I have been building gaming PCs for a very long time. Ever since I made the jump over from console, it's always been a passion of mine. It probably stems from being a LEGO kid growing up. But outside of the occasional friend building a new system, there's rarely a time to be able to build a new PC. It's pretty cost-prohibitive, and often, the accessibility of parts limits the potential of what's possible.
Then a few years back, a lovely little game called PC Building Simulator popped up on my YouTube feed. Immediately intrigued, I rushed to Steam to buy the game and was met with what I would call an incredibly fun, but also unexpected, experience. I was able to finally build as many computers as I wanted, with as many wild configurations as I wanted. But it had its limitations.
Well now, PC Building Simulator 2 is out, and boy oh boy, what a gem we have. This game capitalizes on the good that the original had, but brings in so much more detail and features that dare I say, the immersion is incredible.
It'd feel wrong not to address the visuals in this game first and foremost. Upon hitting the menu, you're greeted with a truly wild-looking showcase PC. Once you get into the game, whether it be free-build or career modes, the visual clarity on the parts is incredible.
Everything in terms of parts is incredibly detailed, and it makes sense given the work that the team went through to get the specs. The traces on the motherboards, individual fins on heatsinks, and even lettering on CPU's and memory are all there and finely detailed.
On top of that, the lighting effects in the game are glorious. There are vibrant RGB lights galore in any and every part that has them. For those that don't, the color saturation and vibrancy is great.
The main gameplay modes here are the same as in the first game, career and free build modes. Career mode has you running your uncle's run-down PC Repair shop after a mysterious fire. You'll get different jobs via email, and you're responsible for ordering parts and executing the jobs well.
The jobs in this career mode are far more interesting than the original game's jobs, which keeps things interesting and fun. What's new in this game as well is that you also have a storefront to sell PCs in. You can pick up "junked" pcs, fix them up with new or used parts from jobs, and sell them off at a profit to sustain your shop.
Free build is just as it sounds, free build. Here you can pick the components of your choice and go to town in building the PC and testing it. Free build also has some nice quality of life in that it will auto-complete screws for you, which you'll have to do manually in the career mode for a little while. Both modes are quite fun.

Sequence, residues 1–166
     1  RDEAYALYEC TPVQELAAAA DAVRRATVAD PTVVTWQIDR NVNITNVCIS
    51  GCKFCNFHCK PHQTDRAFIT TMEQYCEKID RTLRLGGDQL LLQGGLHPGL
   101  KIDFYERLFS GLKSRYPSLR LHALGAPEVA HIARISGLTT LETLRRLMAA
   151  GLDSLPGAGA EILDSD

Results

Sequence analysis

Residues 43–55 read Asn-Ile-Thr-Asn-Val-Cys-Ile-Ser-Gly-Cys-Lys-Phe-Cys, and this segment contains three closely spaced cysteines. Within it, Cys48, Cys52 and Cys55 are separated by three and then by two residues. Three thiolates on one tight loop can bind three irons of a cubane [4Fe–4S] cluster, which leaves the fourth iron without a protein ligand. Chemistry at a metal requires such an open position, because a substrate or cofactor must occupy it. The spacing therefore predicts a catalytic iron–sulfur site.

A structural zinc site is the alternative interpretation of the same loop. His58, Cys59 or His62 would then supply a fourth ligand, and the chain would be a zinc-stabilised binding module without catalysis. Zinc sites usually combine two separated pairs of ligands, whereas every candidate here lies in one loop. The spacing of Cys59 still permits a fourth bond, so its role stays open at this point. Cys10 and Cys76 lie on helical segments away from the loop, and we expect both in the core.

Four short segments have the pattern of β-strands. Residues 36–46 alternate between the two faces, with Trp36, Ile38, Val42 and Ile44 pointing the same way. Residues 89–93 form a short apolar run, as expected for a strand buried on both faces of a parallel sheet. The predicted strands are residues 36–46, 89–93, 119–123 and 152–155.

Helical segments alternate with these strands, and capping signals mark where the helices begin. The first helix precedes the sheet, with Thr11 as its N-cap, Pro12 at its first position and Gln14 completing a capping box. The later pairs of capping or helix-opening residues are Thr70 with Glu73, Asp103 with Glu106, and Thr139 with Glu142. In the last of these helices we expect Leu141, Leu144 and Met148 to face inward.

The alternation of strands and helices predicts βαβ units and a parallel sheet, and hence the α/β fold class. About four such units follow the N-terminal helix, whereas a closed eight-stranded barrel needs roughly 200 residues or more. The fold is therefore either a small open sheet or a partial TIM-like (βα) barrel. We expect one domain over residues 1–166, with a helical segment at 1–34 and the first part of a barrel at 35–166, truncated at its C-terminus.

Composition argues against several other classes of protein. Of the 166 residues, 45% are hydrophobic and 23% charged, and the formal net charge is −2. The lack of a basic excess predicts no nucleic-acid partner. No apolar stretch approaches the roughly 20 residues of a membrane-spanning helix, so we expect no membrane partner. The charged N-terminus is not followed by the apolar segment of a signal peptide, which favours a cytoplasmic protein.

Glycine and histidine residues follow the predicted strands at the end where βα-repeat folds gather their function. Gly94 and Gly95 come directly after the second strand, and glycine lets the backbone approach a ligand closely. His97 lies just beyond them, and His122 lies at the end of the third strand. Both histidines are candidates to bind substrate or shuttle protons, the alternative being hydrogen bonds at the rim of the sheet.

New Build Features
Obviously, with this being a sequel, there have to be some improvements to the game's feature set. These features bring a whole new level of detail and customization to the game. One of the first ones that you'll be introduced to in the career mode is the ability to change your workbench to take on different types of projects.
There are a few things that you'll change your benches for. The first one is to do case painting. You have a wide array of colors to paint the entirety of the case, even the glass side panels if you want. You can also slap some funny stickers on there to give it that personal flare.
The other thing you can change your bench to do is water cool various parts. When doing this, you'll be given a list of motherboards and graphics cards that have water blocks in-game. You'll then go through the process of removing aspects of the part, and replacing them with water-cooling parts. When that's finished, you can then put the newly blocked part into your build.
The one other thing that I'll mention about this game that I think is severely underrated is that it can be a teaching tool. Primarily it can be a teaching tool that can help teach people how to build computers. You'll learn what components are needed in any build, where they fit together in a case, and even the process of putting it all together.
Then you have the tuning and overclocking potential teaching tools. You can overclock the CPU and GPU in the game, and run benchmarks against these overclocks. This is a great way for those curious about the overclocking process to give it a go at it without risking any real parts and money.
To be entirely honest, there isn't a lot that's bad to say here. The game knows what it's doing, and does it very well. While sure there's something that would be cool to have, like being able to do your own cable management, rather than the game do it for you, I think that it's one of those things that might be a bit too much immersion.
There are a couple of small hiccups with various part placements that we'd be able to do in real life that aren't possible here, but those are so rare that it's hardly a detractor from the game.
At the end of the day, PC Building Simulator 2 lets me live out my dreams of putting together and running $10,000 computers. The only real downside is that I can't play other games on them.